June 23, 2016
The Things That Matter Most—In Our Jobs and in Our Careers
By Warren Holleman
When it comes to our personal lives, it’s pretty obvious what matters most. Food and water. Safety and security. Family and friends. Once those are taken care of, we begin to think beyond survival mode and move into the realm of “wellness” and “quality of life.” I’m thinking here of the second and third inalienable rights in Thomas Jefferson’s famous triad: “life, liberty, and the pursuit of happiness.” I’m also thinking of the mantra my generation embraced in the 1960s: “love, peace, and happiness.”
But when it comes to our professional lives, it’s not so obvious. Some would say the most important things are our salaries and our job security. If you’re struggling to put food on the table, these truly are important. But if you’re fortunate enough not to be scraping to survive, what matters most to you? Many in this situation focus on career success: promotions, ranks, and raises. In my opinion, career success is over-rated. To me, the most important thing is career satisfaction.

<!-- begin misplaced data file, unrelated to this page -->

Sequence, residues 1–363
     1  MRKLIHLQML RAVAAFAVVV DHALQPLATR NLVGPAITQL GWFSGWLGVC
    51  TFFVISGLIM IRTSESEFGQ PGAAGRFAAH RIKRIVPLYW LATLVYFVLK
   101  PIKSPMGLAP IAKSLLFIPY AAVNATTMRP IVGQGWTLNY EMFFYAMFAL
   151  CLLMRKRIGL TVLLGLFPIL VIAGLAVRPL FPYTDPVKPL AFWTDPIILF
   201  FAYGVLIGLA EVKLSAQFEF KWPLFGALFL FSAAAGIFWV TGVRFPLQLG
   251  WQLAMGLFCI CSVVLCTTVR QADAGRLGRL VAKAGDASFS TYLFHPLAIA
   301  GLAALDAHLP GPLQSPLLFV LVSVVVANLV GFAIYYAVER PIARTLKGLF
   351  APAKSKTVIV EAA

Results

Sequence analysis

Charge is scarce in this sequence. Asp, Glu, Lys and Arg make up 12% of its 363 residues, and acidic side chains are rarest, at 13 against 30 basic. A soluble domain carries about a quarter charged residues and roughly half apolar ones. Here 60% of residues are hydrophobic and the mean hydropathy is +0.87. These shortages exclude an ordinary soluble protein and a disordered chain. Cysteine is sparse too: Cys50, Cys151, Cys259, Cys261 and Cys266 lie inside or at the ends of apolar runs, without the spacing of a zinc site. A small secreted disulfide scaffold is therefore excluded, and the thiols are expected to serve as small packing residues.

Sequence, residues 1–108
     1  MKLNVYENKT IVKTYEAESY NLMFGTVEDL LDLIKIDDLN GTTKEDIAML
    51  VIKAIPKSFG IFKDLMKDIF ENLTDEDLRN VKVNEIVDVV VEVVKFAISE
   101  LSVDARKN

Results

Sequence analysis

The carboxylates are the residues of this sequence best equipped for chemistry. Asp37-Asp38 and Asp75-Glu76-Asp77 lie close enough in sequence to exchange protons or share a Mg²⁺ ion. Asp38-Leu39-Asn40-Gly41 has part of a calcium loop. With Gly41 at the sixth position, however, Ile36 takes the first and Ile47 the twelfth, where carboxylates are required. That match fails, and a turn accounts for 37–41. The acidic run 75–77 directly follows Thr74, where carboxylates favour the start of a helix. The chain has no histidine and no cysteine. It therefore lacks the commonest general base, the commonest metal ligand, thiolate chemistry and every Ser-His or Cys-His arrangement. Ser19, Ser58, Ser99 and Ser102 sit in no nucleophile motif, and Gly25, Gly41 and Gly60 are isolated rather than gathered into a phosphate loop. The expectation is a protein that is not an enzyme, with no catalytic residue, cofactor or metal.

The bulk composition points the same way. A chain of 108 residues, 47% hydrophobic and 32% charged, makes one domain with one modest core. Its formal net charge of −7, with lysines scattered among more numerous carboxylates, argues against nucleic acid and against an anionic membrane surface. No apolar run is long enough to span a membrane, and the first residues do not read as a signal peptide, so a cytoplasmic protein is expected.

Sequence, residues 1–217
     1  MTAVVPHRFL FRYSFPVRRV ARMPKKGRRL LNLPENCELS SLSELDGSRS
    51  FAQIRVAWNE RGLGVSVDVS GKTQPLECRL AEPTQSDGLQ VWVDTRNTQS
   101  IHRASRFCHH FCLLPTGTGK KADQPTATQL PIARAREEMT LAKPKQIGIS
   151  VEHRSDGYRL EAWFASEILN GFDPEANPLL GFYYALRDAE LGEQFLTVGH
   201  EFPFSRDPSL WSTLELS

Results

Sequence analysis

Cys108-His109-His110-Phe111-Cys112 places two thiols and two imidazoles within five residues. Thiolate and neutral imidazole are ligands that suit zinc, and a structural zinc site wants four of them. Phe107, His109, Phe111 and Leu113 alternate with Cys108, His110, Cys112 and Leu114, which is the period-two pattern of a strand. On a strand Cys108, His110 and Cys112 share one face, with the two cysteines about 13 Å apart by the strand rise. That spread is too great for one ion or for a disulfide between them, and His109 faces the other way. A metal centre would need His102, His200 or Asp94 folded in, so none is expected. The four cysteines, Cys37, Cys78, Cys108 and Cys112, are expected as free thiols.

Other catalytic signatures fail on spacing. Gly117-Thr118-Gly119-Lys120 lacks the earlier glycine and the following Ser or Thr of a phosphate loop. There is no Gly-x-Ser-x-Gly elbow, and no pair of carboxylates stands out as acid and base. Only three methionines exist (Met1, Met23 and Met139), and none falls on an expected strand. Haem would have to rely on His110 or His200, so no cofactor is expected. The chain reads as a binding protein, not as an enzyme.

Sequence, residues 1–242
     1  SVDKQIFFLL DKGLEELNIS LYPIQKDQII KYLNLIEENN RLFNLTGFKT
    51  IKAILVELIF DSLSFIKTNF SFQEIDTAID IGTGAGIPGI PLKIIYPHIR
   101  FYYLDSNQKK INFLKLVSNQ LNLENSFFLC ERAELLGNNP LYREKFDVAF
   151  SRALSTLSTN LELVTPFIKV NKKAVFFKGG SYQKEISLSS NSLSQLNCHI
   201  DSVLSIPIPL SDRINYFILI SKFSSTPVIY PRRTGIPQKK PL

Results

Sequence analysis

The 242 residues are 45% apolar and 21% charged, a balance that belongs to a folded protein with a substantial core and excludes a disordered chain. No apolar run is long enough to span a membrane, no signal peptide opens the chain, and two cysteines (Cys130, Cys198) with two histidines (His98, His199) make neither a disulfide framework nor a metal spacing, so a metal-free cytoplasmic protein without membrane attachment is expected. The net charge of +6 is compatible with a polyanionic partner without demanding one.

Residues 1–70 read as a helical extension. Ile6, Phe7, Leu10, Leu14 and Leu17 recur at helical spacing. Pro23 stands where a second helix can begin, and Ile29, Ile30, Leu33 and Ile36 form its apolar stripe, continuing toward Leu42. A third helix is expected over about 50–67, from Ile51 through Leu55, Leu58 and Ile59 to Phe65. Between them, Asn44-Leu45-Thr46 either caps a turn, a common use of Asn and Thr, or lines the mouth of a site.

Or, if you’re a concrete thinker, we can put this another way: Do you love your career at least half as much as a child loves her dog? And, like the dog, does your career love you back?
Over the years I’ve had many conversations with colleagues on the subject of job satisfaction and career satisfaction—or the lack thereof. I’ve come to the conclusion that there are four key factors that determine whether you are happy in your job and in your career, or whether you are stressed out (anxious, overwhelmed), burned out (exhausted, depressed), or checked out (disillusioned, bored).
Query: Do you have a clear sense of your professional identity? Do you embrace and enjoy that identity?
Knowing who you are professionally will anchor you in your career and help you stay grounded and focused. This is crucial in today’s working world where distractions are the norm rather than the exception. It’s all-too-easy to steer off-course, both in terms of daily work habits and in terms of long-term job goals and even longer-term career goals.